Diabetes – What is Diabetes?
Diabetes is a serious illness that is affecting millions of people each year. It occurs when the body fails to produce enough insulin, or fails to use the insulin that it does have effectively.
The good news is that it is treatable and can be prevented or delayed with diet, exercise and medication. It is also essential to be aware of the signs, so you can tell whether you have a problem and seek treatment.
What is diabetes?
Diabetes is a chronic health condition (long-lasting) that impacts the way your body converts food into energy. It occurs when the pancreas doesn’t produce enough insulin or doesn’t utilize it as effectively as it should.
Insulin is the hormone that helps your body absorb and use glucose, also known as sugar. People suffering from type 2 diabetes do not produce enough insulin or their bodies don’t use it properly.
In both types of diabetes, blood sugar levels get too high in time. This can cause problems with the eyes, kidneys and feet. It could also cause damage to blood vessels in your heart and brain.
Type 1 diabetes
Type 1 diabetes is an auto-immune disease in which your body’s immune system attacks and destroys insulin-producing cells inside the pancreas. The destruction can take place over months or even years before eventually resulting in the complete absence of insulin.
Insulin is required by those with type 1 diabetes all day. They also have to keep track of their blood sugar levels and adjust their insulin, food, and activities to keep their blood sugar within an acceptable range.
Type 2 diabetes
If you suffer from type 2 diabetes the body does not make insulin as it should. Insulin is a hormone that assists your cells to remove blood sugar (glucose) out of your blood and into your cells so that it can be used for energy.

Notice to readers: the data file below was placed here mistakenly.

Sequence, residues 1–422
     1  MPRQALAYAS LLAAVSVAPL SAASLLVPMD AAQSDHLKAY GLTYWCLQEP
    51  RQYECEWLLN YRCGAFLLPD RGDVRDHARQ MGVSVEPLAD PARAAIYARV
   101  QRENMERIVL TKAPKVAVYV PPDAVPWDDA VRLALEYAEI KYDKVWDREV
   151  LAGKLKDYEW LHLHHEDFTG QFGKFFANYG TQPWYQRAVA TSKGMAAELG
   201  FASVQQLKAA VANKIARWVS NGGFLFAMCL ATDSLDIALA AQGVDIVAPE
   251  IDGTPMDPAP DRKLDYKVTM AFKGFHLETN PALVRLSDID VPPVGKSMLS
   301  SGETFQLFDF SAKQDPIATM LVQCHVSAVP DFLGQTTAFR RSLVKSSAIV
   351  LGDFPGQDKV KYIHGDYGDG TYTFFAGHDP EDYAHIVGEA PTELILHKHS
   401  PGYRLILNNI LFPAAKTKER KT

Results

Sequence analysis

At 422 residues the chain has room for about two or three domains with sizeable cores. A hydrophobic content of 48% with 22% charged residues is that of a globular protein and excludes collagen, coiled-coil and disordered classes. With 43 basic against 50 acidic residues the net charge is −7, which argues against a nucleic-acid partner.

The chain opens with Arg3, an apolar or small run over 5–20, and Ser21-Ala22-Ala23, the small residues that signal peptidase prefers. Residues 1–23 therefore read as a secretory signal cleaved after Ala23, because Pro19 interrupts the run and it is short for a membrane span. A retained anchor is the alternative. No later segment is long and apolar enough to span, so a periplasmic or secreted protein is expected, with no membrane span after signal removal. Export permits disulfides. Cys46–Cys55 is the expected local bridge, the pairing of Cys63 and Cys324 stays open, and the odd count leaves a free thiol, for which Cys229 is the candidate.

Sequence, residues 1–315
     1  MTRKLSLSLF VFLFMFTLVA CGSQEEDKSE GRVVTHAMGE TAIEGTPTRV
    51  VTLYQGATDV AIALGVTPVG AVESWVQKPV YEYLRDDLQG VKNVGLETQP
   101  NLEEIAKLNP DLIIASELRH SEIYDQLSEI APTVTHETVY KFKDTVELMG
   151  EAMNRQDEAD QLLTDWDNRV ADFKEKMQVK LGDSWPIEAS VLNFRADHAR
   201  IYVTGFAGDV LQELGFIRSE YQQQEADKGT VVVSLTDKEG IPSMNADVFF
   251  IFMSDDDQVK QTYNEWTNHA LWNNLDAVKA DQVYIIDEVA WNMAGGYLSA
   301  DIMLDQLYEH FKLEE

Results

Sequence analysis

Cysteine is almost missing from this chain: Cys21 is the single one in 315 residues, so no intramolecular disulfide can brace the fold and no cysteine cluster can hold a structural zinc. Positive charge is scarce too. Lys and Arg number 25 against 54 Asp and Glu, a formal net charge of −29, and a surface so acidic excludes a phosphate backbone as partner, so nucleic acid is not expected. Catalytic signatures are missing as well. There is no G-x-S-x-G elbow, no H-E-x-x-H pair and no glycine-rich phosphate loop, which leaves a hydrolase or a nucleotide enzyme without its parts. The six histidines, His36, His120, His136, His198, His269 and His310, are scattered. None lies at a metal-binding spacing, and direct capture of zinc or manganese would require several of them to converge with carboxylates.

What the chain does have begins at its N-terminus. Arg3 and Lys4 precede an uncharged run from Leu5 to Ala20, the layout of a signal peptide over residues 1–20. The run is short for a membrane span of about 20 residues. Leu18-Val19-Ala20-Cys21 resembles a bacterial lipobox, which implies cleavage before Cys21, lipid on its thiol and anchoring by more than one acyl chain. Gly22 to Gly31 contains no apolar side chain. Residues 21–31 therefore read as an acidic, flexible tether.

Type 2 diabetics have to exercise and adhere to a healthy diet. They may also have to take medication to control their blood sugar levels.
Signs of diabetes in women
Diabetes is a chronic condition that affects people from all races, ethnicities, and genders. However women are at higher risk than males.
Women who suffer from diabetes have a higher chance of developing complications compared to men, including heart disease (the most frequent complication of diabetes) and vision loss.
One of the early warning signs of diabetes in women is increased thirst and urine, a condition known as polydipsia. This is because diabetes can result in excess sugar accumulation in your bloodstream and kidneys are unable to remove it.
Symptoms of diabetes in men
In diabetes the cells are unable make use of blood sugar (glucose) to generate energy. This is usually because the pancreas stops producing enough insulin.
This can lead to high blood glucose levels. Your body then attempts to reduce these levels by flushing excess glucose out of your bloodstream through urine.
Diabetes patients are frequently thirsty and require to drink lots of fluids.
Men can also shed weight as their bodies rely on muscle for energy rather than fat. This is due to the fact that their blood sugar levels remain high for prolonged periods of time.
A healthy diet for diabetes can be an essential part of managing the condition. It can help you manage your blood sugar, control your weight, and reduce heart disease risk factors.
Your diet should consist of plenty of whole foods like fruits, whole grains, vegetables, beans and low-fat dairy. It should be free of saturated (unhealthy) fats and added sugars.
You may want to limit your intake of drinks that are sweetened with sugar. These drinks typically contain lots of sugar which can result in elevated blood sugar levels.
Your doctor might recommend diabetes medications to help keep your blood glucose (blood sugar) levels in an acceptable range. These medications are usually combined with changes in lifestyle, like exercise and diet to help manage diabetes.
If your blood sugar is not being managed well with one medication, you might need to add a second medication. Your doctor will work with you to determine the most appropriate medication for your specific needs and preferences.
Newer medicines like glucagon-like peptide-1 receptor agonists and sodium-glucose cotransporter-2 inhibitors reduce blood sugar levels, have kidney and cardiovascular benefits, and lower the risk of complications. They can also be beneficial for weight loss, and come in both tablet and injection forms.